Insurance companies are a big part of the problem for ACA. The absence of a “public option”, not to mention a single-payer plan, meant that the law had to build in a way for insurance companies to be able to make money. To be able to profit, they have to either be able to charge a lot for coverage (or deny it altogether) for sick people, which was the pre-ACA status quo, or have a large pool of healthy low-cost people buying insurance. Thus, especially given ACA’s elimination of their ability to refuse insurance to people with pre-existing conditions, the individual mandate, requiring everyone to buy insurance, was needed. Despite the mandate, though, not enough healthy people bought insurance, and there was no rate cap, so it quickly has become unaffordable for many. Of course, we could have done what other developed countries do – have either a single-payer system where we have everyone automatically in the risk pool and everyone is actually covered, or have a highly regulated system, where benefit packages and rates are set by the government and insurance companies are non-profit, so compete on customer service. We actually have examples of both in the US. Medicare is a single payer plan (and while Medicare Part A, hospital, is paid for by the Medicare trust fund, Part B, doctor and outpatient bills, require individuals to pay, with high-income  people paying a supplement), as is the military health care system and the VA. Medicare supplement (Medigap) plans are regulated with regard to benefits; there are a number of plans lettered Type A to Type N (except there is no E, H, or I) with different benefit packages. The degree of comprehensiveness does not follow the alphabet (F is the best, K probably the worst) but at least they are standardized so all Type A, C, F, or K plans offer the same benefits regardless of which company you buy from, and so you can shop based on price.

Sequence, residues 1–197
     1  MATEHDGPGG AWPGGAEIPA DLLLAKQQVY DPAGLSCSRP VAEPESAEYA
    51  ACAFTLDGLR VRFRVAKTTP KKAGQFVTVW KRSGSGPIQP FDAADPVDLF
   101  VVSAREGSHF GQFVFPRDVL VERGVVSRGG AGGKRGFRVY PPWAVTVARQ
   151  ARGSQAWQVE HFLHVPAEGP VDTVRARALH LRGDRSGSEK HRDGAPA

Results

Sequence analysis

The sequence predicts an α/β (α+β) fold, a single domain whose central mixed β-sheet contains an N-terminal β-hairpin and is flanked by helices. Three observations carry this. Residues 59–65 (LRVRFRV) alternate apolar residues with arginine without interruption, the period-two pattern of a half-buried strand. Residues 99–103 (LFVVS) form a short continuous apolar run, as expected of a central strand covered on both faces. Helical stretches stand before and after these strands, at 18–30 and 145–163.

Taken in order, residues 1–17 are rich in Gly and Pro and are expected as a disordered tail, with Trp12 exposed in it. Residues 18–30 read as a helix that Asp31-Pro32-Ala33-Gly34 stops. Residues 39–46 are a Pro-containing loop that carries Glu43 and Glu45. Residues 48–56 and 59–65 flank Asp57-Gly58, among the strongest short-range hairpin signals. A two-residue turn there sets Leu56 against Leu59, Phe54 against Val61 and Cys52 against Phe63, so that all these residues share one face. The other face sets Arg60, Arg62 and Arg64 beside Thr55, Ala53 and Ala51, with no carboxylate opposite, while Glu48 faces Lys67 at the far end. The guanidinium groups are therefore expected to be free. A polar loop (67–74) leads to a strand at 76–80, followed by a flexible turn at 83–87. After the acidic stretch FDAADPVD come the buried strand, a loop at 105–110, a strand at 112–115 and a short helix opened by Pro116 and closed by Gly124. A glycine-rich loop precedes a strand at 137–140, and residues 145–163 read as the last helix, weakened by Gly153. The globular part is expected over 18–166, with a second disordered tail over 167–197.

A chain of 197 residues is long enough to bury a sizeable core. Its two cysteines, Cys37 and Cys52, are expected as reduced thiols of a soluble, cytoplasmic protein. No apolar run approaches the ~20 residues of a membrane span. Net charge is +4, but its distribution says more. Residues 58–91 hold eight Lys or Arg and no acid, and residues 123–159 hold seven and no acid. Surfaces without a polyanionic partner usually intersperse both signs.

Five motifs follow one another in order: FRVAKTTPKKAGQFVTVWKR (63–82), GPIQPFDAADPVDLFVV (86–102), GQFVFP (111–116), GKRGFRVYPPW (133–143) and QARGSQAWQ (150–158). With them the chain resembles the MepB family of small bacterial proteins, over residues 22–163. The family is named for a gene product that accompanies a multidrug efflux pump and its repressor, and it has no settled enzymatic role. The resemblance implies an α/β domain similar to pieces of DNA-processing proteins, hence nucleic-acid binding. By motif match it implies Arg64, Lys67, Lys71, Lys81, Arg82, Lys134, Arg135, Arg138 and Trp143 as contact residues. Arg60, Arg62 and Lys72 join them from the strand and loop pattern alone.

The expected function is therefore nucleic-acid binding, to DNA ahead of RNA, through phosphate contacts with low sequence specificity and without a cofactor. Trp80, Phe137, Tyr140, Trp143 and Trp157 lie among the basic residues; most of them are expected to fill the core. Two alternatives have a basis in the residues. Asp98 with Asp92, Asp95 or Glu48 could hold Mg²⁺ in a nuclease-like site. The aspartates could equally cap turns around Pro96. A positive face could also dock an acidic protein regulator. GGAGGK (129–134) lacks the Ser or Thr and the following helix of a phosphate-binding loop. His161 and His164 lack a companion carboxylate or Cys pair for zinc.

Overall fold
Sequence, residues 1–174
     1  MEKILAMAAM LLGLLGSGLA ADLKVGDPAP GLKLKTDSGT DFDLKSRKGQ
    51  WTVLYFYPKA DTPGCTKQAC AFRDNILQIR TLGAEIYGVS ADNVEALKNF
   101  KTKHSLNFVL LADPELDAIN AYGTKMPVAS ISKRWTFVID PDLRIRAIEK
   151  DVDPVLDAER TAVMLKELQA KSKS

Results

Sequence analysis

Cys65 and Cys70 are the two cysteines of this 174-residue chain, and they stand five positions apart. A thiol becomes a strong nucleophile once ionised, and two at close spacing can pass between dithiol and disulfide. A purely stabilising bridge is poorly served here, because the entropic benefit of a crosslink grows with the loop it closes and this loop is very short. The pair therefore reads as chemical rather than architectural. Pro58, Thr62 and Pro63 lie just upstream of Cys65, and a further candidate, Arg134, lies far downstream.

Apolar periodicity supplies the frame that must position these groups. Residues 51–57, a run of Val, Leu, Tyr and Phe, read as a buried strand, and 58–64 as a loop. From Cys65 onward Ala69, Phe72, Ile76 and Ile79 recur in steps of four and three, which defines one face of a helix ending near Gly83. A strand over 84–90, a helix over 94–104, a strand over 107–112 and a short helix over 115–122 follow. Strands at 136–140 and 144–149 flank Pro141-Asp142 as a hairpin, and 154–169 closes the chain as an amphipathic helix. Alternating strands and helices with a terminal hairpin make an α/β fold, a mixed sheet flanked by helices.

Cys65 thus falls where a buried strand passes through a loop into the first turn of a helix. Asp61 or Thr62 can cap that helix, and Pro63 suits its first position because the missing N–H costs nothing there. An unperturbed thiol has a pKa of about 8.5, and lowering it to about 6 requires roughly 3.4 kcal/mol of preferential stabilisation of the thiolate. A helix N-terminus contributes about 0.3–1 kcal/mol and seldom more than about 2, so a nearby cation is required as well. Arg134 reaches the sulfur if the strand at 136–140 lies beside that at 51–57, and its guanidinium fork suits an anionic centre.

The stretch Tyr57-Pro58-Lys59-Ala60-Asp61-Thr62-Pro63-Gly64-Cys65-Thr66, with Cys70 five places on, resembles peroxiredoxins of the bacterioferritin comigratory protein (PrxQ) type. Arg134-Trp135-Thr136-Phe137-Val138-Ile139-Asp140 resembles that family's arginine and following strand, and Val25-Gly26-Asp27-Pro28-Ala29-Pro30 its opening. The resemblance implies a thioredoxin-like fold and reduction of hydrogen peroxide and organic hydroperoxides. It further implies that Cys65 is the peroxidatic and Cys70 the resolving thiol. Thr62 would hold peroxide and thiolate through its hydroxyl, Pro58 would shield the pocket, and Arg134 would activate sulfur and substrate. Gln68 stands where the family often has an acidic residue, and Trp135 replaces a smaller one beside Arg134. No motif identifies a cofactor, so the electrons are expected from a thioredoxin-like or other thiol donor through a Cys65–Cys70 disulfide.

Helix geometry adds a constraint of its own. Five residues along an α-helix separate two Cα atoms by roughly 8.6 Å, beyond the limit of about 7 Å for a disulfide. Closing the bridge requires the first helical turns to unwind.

I do not think that we are going to have such a simple situation as a highly-regulated marketplace, and certainly not single payer. We are likely going to back as far away from comprehensive coverage and affordable health care as the Republican Congress and President can get away with, which means as far as the American people will allow. Of course, the American people (other than the small number of, but incredibly powerful, wealthy ideological conservatives) do not want to lose their health coverage; they just want to pay less. Or not pay until they are sick. For them, and maybe for their families. For others, maybe not so much; some studies have found that as many as 2/3 of Americans support Medicare for All, while for Dr. Paul Gordon on his “Bike Listening Tour” across the US in 2016, one of his most upsetting findings (at least among the mostly white, rural, northern people he interviewed) was people’s lack of concern for others. Or at least “the other”, folks not like them.

It’s a real shame. We could have comprehensive quality care for everyone, at a more reasonable cost. Too bad the ideologues and the greedy are in control.